Rice Porridge with Spicy Chicken Soup

Bubur Ayam

Preparation info

  • Difficulty

    Easy

  • For

    6–8

    people

Appears in

Indonesian Regional Food and Cookery

By Sri Owen

Published 1994

  • About

This has become much more popular in the last ten years in many restaurants, especially in Jakarta. In big international hotels, bubur ayam has become one of the most sought-after dishes in a late supper menu. If the hotel has a coffee shop that is open 24 hours, the usual hour for bubur ayam is after 11 o’clock at night.

Many hotels also serve bubur ayam for breakfast, and I was told that in Jakarta, Bali and Medan there is great demand for it from visitors from Japan and other Asian countries – almost as great as the demand for nasi goreng at breakfast-time. I certainly would sooner have a choice of these two dishes than a basket of soggy microwaved croissants. Bread for toast is even less impressive. Here is a recipe for bubur ayam so you can try it first at home.

Ingredients

For the Porridge

  • 225 g/8 oz/1 cup long grain rice, soaked in cold water for 2–4 hours, or overnight, then drained
  • 670 ml/24 fl oz/3 cups cold water or chicken stock
  • 1 tsp salt

For the Chicken Soup

  • 1 small chicken, cleaned and quartered, or 3–4 chicken breasts on the bone
  • 1.7–2.3 litres/3–4 pints/7½–10 cups cold water
  • 1 tsp salt

For the Paste

  • 3 shallots, chopped
  • 2 cloves garlic, chopped
  • 1 tsp chopped ginger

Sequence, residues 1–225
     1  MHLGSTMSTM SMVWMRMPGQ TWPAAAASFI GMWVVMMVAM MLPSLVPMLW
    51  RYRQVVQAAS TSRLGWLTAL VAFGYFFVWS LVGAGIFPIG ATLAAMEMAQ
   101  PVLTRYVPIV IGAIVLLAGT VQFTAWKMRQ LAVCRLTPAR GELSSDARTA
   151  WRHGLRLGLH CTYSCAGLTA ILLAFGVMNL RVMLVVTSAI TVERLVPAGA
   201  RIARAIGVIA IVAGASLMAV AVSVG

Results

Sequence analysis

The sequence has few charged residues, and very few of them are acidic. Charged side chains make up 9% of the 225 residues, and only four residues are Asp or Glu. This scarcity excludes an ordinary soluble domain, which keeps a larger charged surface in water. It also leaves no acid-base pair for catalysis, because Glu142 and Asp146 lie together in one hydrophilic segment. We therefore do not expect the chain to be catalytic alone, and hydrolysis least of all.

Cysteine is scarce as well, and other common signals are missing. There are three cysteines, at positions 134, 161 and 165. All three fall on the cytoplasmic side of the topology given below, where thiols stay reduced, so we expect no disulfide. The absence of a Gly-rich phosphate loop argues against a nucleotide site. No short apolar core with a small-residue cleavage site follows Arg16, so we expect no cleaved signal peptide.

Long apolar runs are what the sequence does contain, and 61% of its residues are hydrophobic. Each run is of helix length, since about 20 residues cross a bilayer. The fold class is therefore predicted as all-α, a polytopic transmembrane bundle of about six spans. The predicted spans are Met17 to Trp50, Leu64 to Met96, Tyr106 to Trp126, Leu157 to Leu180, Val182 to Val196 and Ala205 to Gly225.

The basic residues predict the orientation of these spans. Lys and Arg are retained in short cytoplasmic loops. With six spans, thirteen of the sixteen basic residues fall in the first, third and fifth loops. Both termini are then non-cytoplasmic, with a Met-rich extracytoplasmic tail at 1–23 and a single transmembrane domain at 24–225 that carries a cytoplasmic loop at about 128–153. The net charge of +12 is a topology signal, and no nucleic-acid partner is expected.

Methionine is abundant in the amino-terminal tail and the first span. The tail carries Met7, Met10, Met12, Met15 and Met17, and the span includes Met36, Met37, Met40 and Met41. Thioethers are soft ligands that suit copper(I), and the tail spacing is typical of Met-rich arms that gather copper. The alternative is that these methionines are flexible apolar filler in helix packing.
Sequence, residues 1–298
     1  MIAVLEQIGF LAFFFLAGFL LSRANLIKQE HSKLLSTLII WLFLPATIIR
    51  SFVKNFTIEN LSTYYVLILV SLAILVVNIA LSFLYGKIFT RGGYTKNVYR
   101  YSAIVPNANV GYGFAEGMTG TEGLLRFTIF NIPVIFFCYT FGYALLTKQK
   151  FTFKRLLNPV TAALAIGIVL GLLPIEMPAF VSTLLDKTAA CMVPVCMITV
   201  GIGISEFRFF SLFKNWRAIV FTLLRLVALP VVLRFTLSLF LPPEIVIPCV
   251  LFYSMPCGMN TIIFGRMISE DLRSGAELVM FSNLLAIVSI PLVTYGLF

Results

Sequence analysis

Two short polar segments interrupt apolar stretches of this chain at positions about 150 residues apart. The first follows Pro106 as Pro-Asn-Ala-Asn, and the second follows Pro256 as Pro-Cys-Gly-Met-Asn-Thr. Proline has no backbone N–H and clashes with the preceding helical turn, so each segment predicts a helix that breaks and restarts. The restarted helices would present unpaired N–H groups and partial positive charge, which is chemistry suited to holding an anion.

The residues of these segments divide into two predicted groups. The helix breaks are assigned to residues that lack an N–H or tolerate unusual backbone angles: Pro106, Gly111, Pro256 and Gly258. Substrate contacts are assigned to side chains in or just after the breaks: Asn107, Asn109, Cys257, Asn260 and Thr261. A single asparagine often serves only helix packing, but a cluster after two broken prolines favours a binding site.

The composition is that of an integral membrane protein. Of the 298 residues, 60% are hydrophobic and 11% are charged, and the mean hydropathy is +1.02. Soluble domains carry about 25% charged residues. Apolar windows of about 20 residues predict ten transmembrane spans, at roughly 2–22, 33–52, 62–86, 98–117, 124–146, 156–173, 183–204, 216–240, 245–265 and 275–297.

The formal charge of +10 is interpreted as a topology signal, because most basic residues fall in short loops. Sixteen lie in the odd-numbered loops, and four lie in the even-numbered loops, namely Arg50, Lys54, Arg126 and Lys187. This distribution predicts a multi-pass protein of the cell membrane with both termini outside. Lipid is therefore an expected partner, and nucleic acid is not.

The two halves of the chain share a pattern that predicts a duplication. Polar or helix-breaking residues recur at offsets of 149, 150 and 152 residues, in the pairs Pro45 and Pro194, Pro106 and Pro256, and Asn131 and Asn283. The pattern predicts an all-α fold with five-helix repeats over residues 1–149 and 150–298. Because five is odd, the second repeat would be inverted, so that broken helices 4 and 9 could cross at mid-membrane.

• 3 candlenuts, chopped
  • ½ tsp ground turmeric
  • ¼ tsp chilli powder
  • 1 tbsp light soya sauce
  • 2 tbsp peanut oil
  • 2 tbsp hot water
  • Salt and pepper to taste

Method

Make the porridge first, because this is to be served cold. It can be made quite a long time in advance. When the porridge is cooked, transfer it into a nice deep-sided platter. Leave to get cold, and refrigerate until needed.

Boil the chicken pieces in the water with the salt for 40 minutes over a low heat. Leave to cool, and when cool enough to handle, shred or slice the chicken meat into small pieces. Put the skin and the bones back into the stock, and continue cooking it for 10–15 more minutes. Then strain the stock and keep aside.

Put all the ingredients for the paste, except the salt and pepper, into a blender and blend until smooth. Transfer the paste into a large saucepan, and simmer, stirring often, for 5–6 minutes. Add the chicken pieces, stir around and season with salt and pepper. Add the stock, bring back to the boil, and simmer for 10 minutes. Adjust the seasoning.

To serve the bubur ayam, arrange all the garnishes separately in small dishes. Keep the chicken soup piping hot on the stove or hot plate. Ask everybody to help themselves. First, put a large spoonful or two of the porridge in a bowl or deep soup plate. Next, put some of the garnishes (except the fried onions and the sambal kecap or Tabasco sauce) on top of the porridge. Then ladle the hot soup with the chicken pieces over them. Last, sprinkle the fried onions over all, and add some sambal kecap or Tabasco sauce if you like your bubur ayam hotter and spicier.

For the Garnish